By Barbie Porter
Father Lon Konold stood near the Frazee overpass bridge of U.S. Highway 10 flying an octopus. The colorful kite made of nylon and silk stretched 49-feet long and floated on 440-pound test line that was wound in a spool. “There are other kites that need less heavy line,” he said. “You need the line to be strong enough to hold the kite as it is being pulled with the wind.”
The Buffalo, Minn. resident was working in the lakes area last week. As he headed towards home, he spotted the overpass at Frazee’s west entrance. The location offered high ground, a steep ditch and a stretch of land without utility poles. He took the off ramp, and unloaded his largest kite.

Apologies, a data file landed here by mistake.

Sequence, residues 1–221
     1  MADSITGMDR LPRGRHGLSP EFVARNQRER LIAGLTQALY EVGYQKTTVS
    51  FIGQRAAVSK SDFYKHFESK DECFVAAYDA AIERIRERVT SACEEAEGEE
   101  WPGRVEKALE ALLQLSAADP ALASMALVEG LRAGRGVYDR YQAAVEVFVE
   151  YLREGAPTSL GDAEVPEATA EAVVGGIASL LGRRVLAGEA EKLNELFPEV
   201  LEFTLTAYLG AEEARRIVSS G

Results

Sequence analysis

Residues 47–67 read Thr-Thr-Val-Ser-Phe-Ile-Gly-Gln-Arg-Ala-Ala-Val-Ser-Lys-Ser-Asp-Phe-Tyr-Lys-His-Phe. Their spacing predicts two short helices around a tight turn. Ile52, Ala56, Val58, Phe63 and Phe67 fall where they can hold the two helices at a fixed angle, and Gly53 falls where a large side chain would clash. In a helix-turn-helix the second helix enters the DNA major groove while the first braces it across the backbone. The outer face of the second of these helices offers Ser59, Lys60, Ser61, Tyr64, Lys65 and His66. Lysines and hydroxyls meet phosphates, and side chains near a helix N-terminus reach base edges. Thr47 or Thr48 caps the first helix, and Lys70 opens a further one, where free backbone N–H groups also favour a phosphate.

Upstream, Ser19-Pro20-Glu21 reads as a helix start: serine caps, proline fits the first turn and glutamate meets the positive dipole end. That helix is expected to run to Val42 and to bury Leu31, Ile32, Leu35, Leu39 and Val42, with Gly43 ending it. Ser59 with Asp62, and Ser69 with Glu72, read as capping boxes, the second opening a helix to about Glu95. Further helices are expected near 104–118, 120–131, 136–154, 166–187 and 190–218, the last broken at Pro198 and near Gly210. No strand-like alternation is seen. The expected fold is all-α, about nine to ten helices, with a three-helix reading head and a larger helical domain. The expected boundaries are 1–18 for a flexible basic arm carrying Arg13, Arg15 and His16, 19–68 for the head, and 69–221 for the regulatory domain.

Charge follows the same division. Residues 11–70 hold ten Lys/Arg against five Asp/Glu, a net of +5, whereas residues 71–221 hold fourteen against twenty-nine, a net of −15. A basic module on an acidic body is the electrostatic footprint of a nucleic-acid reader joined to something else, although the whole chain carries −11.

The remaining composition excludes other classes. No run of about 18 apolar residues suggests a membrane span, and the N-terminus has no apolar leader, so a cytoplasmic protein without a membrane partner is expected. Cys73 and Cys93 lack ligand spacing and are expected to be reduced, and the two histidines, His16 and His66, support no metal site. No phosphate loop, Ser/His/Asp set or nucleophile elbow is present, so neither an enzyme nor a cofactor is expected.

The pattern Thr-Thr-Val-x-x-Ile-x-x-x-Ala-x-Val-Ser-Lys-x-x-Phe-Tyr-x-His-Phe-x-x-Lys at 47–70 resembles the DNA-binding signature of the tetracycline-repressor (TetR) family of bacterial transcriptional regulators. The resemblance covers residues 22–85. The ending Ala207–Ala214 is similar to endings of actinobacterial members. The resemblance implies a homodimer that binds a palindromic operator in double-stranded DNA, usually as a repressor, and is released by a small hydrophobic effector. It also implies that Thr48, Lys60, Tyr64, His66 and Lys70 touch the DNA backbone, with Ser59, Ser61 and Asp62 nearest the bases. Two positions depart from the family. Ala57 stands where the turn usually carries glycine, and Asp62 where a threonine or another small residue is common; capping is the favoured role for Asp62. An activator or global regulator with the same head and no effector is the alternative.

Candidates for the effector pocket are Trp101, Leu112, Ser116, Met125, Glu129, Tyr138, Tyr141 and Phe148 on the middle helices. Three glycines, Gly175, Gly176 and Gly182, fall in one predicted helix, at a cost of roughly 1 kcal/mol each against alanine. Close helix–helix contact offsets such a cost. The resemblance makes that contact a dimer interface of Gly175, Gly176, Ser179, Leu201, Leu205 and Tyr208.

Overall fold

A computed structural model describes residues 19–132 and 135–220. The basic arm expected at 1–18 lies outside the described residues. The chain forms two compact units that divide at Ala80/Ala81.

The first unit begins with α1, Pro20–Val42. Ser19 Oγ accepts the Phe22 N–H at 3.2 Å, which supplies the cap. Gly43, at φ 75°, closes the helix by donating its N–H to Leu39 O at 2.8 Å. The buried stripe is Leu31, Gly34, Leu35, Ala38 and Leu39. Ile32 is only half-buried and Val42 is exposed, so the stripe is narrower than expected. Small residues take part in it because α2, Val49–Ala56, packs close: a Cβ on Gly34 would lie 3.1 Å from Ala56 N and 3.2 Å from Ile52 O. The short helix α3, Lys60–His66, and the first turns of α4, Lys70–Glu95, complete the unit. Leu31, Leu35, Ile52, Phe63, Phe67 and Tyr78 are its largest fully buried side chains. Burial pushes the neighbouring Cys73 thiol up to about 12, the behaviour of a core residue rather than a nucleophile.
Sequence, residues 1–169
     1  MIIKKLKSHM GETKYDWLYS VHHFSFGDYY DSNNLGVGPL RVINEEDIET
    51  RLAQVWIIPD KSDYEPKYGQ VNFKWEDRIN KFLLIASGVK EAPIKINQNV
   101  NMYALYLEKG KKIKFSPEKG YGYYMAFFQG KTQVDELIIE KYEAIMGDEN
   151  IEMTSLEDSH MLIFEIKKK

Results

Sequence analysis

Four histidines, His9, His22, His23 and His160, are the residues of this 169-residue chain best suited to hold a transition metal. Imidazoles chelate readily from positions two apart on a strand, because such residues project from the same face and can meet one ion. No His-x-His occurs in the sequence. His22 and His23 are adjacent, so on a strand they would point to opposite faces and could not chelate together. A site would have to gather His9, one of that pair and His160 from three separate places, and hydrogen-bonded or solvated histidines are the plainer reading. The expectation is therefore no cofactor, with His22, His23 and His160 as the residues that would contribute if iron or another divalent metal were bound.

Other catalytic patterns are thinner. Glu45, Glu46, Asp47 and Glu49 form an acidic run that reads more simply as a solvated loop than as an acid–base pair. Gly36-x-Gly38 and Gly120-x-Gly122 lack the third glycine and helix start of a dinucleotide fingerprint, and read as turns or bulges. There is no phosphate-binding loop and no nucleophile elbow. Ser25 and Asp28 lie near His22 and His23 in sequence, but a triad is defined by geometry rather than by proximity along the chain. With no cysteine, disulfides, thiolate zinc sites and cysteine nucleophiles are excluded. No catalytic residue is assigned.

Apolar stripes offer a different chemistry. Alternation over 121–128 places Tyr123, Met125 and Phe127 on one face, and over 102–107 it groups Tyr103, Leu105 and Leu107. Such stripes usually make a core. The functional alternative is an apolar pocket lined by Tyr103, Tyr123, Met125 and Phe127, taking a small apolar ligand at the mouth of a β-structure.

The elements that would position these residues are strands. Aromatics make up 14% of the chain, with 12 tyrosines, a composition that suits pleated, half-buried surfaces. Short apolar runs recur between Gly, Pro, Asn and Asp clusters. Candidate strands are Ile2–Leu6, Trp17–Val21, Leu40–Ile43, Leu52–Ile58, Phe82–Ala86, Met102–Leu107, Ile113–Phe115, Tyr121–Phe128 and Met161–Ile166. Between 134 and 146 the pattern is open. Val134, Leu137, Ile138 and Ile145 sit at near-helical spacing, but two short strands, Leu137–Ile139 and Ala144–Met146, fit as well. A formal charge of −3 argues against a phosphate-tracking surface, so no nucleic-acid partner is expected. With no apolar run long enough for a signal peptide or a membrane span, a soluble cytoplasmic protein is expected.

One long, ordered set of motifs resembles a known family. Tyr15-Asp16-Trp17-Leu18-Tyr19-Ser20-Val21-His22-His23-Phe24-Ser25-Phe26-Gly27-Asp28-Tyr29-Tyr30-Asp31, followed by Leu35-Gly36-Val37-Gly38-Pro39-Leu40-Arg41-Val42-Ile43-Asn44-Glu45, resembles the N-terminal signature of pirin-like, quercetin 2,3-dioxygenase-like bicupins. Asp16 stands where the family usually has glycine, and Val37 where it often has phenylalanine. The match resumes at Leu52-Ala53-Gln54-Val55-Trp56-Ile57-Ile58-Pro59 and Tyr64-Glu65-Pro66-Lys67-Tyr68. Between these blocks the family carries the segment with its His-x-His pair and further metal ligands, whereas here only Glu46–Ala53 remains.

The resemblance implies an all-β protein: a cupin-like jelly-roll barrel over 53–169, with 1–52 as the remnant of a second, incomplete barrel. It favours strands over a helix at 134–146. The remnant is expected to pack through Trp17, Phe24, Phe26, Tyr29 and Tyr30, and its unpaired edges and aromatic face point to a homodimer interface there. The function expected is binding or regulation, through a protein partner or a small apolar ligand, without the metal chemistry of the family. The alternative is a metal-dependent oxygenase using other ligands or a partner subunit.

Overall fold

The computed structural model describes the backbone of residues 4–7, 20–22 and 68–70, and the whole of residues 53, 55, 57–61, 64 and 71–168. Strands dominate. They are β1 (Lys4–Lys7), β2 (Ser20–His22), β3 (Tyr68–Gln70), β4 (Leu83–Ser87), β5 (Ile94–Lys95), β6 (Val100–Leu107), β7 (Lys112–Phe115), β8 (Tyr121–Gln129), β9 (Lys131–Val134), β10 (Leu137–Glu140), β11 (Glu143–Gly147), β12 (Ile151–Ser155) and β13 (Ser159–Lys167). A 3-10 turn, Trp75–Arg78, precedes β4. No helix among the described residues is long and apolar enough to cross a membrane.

As he let the gusts of wind work, the octopus kite from the grass and into the air, he said, “The trick is to get it above the treeline.”
While living in Norway, Konold examined the lay of the land and a daydream transported him back to childhood. The image of flying a kite rose. He realized where he lived in Norway would be an optimal kite launching area.
“While on vacation, back in the states, about 35 years ago I bought my first one,” he said. “It was a delta shaped kite; 6-or-7-feet wide and about 5-feet tall.”
Konold has been flying kites ever since. While on business trips or traveling for fun, Konold keeps a few kites in his vehicle. He shared when the weather is right, flying a kite is a great way to break up a long drive, relax and enjoy time outside.